Inverted channel

  • Alexandra Lefort
  • Rebecca Williams
  • Jarmo Korteniemi
Living reference work entry


Curving ridges along ancient fluvial valleys produced by a cementation hardened layer, clast armoring, or lava infilling of the fluvial valleys, followed by erosion of the less-resistant surrounding terrains.


Potential origin for a type of sinuous ridge on Mars.



Curving ridges that appear to be capped with a competent layer that is more resistant to erosion than the surrounding material.


Differential aeolian erosion: relief inversion may occur in locations that exhibit considerable erosion causing exposure of formerly filled and buried landforms (Weitz et al. 2010).

An inverted channel starts to form when the channel floor material obtains greater resistance than the surrounding terrain. This may occur (1) by channel bed sediment induration through geochemical cementation in the presence of water or armoring of the channel floor by coarse-grained, highly erosion resistant...


Lava Flow Fluvial Channel Channel Floor Surrounding Terrain Aeolian Erosion 
These keywords were added by machine and not by the authors. This process is experimental and the keywords may be updated as the learning algorithm improves.
This is a preview of subscription content, log in to check access.


  1. Burr DM, Williams RME (2009) The Stanislaus Table Mountain: observations of a lava-capped inverted paleochannel for interpretation of inverted paleochannels on Mars. 40th Lunar Planet Sci Conf, abstract #1633, HoustonGoogle Scholar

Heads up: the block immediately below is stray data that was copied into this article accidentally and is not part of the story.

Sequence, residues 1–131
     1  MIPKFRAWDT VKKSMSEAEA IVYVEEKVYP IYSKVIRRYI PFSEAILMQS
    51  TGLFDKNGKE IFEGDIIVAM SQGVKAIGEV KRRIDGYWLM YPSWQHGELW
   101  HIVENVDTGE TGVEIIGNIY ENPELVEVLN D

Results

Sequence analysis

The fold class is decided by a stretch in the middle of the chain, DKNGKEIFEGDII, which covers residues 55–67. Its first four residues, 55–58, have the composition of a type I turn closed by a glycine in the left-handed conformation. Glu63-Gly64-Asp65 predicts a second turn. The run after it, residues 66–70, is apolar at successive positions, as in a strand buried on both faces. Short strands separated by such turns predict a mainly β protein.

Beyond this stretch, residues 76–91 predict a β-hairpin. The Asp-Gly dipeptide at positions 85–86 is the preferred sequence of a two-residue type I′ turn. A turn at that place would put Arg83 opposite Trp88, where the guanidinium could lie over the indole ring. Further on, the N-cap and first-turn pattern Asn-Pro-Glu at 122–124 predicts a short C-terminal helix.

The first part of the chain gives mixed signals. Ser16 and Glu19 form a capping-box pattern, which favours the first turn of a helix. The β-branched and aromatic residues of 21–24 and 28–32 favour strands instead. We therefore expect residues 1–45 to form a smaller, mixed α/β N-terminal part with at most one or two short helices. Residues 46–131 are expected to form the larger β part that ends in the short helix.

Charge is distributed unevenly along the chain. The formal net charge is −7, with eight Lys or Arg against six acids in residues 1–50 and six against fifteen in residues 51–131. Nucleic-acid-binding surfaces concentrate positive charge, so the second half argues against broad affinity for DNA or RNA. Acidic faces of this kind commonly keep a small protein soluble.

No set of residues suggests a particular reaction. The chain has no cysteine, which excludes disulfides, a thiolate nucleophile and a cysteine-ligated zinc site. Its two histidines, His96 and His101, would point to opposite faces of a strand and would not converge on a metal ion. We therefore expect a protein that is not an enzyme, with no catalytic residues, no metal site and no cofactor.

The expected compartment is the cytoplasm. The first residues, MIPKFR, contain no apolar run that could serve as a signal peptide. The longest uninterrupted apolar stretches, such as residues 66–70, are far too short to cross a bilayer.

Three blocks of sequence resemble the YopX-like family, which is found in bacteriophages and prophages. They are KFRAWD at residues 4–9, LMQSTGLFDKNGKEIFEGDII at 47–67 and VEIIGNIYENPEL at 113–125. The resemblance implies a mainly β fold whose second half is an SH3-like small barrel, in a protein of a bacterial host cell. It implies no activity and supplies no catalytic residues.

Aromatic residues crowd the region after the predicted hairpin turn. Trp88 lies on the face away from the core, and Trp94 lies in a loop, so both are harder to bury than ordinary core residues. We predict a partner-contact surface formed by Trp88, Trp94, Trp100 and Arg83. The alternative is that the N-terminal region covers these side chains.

2. Burr DM, Enga MT, Williams RME, Zimbelman JR, Howard AD, Brennand TA (2009) Pervasive aqueous paleoflow features in the Aeolis/Zephyria Plana region, Mars. Icarus 200:52–76CrossRefGoogle Scholar
  3. Burr DM, Williams RME, Wendell KD, Chojnacki M, Emery JP (2010) Inverted fluvial features in the Aeolis/Zephyria Plana region, Mars: formation mechanism and initial paleodischarge estimates. J Geophys Res 115:E07011. doi:10.1029/2009JE003496Google Scholar
  4. Edgett KS (2005) The sedimentary rocks of Sinus Meridiani: five key observations from data acquired by the Mars Global Surveyor and Mars Odyssey orbiters. Mars 1:5–58. doi:10.1555/mars.2005.0002CrossRefGoogle Scholar
  5. Fassett CI, Head JW III (2007) Layered mantling deposits in northeast Arabia Terra, Mars: Noachian-Hesperian sedimentation, erosion, and terrain inversion. J Geophys Res 112:e08002. doi:10.1029/2006JE002875Google Scholar
  6. Glotch TD, Bandfield JL, Tornabene LL, Jensen HB, Seelos FP (2010) Distribution and formation of chlorides and phyllosilicates in Terra Sirenum, Mars. Geophys Res Lett 37:L16202. doi:10.1029/2010GL044557CrossRefGoogle Scholar
  7. Gorny C, Busby C, Pluhar CJ, Hagan J, Purtika K (2009) An in-depth look at distal Sierra Nevada palaeochannel fill: drill cores through the Table Mountain Latite near Knights Ferry. Int Geol Rev 51(9–11):824–842CrossRefGoogle Scholar
  8. Greeley R, Bridges NT, Kuzmin RO, Laity JE (2002) Terrestrial analogs to wind-related features at the Viking and Pathfinder landing sites on Mars. J Geophys Res 107:5005CrossRefGoogle Scholar